Rebecca Sharples

Dr. Rebecca Sharples first met Image descriptionSuzanna Gardner in a professional context—Sharples wanted Gardner to be her coach. After some deliberation, Gardner agreed to train Sharples, and the two set out on a path that would forever change their lives. Over time, the two became best friends, and Sharples naturally learned more about Gardner’s life experiences. She found Gardner’s journey to be not only fascinating, but empowering. So when the time came to choose her dissertation topic, Sharples had no doubts—she would use her friend’s story to help educate others on the biases women face and to empower and encourage women to fight for equality and achieve success.

As a woman in STEM, Dr. Sharples has also been very successful in a male-dominated environment. In 2001, she earned her bachelor's degree in Business Administration with a concentration in Computer Information Systems. She then earned her master's degree in Information Systems in 2003 and her doctorate in Education with a concentration in Learning and Organizational Change in 2023. Dr. Sharples’s experience ranges from technical IT to process improvement and auditing of financial systems to management in business, IT, and education. She also owned a small glass art business for 3.5 years while her children were young, during which time she took a break from the corporate world to be home. Dr. Sharples’ most recent role was at Purdue University in The Data Mine. She served as the Managing Director of Academic Programs and Outreach for more than two years before she left to pursue goals in her personal life, such as spending more time with her husband of 14 years and their 3 kids, coaching and training Brazilian Jiu Jitsu, her art, and working on home renovation projects.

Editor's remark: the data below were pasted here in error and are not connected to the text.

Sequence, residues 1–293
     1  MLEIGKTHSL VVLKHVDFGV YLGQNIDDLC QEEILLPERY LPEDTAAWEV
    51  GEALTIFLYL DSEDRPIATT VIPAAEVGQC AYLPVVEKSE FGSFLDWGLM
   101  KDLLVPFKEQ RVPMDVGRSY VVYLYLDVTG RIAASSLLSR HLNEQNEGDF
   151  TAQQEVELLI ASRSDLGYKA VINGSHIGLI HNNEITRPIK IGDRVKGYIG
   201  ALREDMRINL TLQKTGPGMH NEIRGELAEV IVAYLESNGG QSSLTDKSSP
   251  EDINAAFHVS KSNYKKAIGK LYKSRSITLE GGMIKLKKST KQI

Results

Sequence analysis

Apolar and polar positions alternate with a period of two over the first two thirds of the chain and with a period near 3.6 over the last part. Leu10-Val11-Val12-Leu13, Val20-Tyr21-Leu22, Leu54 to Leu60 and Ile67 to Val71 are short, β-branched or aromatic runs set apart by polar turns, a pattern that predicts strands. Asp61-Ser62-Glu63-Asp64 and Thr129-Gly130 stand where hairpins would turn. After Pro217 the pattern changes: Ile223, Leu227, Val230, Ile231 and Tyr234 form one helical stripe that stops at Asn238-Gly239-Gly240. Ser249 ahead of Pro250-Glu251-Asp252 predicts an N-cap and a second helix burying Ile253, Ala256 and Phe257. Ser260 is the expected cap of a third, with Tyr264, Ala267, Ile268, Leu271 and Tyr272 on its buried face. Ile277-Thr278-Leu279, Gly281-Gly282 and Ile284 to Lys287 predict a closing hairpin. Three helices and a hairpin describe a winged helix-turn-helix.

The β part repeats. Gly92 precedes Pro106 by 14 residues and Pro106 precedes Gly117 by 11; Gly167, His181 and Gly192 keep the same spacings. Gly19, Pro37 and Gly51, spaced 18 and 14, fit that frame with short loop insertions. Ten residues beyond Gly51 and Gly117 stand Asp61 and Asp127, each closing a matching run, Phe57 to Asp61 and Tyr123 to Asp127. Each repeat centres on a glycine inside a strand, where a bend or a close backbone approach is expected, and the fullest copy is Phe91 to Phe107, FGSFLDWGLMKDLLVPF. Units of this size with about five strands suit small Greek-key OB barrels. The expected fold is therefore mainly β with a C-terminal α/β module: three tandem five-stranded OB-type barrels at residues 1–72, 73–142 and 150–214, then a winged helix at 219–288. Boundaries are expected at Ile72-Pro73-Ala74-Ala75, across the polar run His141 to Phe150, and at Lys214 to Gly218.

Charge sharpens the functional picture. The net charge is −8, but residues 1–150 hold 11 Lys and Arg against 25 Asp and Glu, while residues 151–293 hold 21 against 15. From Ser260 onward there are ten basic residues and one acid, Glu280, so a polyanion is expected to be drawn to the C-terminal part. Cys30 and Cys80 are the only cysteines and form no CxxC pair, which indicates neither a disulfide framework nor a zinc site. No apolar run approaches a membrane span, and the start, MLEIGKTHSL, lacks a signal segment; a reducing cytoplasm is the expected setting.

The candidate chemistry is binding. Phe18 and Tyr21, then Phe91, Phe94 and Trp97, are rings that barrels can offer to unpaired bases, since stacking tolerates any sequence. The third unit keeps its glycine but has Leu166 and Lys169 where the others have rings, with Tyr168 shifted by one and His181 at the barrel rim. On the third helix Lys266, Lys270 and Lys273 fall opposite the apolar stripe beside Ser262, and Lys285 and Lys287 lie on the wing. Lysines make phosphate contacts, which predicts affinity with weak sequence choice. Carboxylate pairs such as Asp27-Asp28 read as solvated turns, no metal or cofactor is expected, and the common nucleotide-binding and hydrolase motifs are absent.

Purdue Women in High-Performance Computing Program

Purdue Women in HPC (WHPC) is part of a broader engagement initiative by the Rosen Center for Advanced Computing (RCAC) and is led by women staffers affiliated with RCAC. WHPC is a diverse community encompassing undergraduate, graduate, staff, and faculty men and women who are interested in exposing women to high-performance computing and encouraging their pursuit of research and careers in HPC and other technology fields.

Purdue WHPC organizes a range of activities, including a scholarship program that supports travel for women students to industry conferences, regular meetings to discuss technical HPC-related issues of interest, opportunities to network with the WHPC community, a mentorship program, workshops, and exposure to external resources and opportunities.

To view Dr. Sharples’s dissertation, please visit here: A Young Woman of Color’s Transnational Lived Experiences Through an Intersectional Feminist Lens: A Qualitative Narrative Inquiry1

If you would like to attend and/or are interested in future participation in Purdue WHPC events, please contact us at You may also subscribe to our WHPC List Serve!

  1. Sharples, R. L. (2023). A Young Woman of Color’s Transnational Lived Experiences Through an Intersectional Feminist Lens: A Qualitative Narrative Inquiry (Doctoral dissertation, Baylor University).
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Written by: Jonathan Poole,

Originally posted: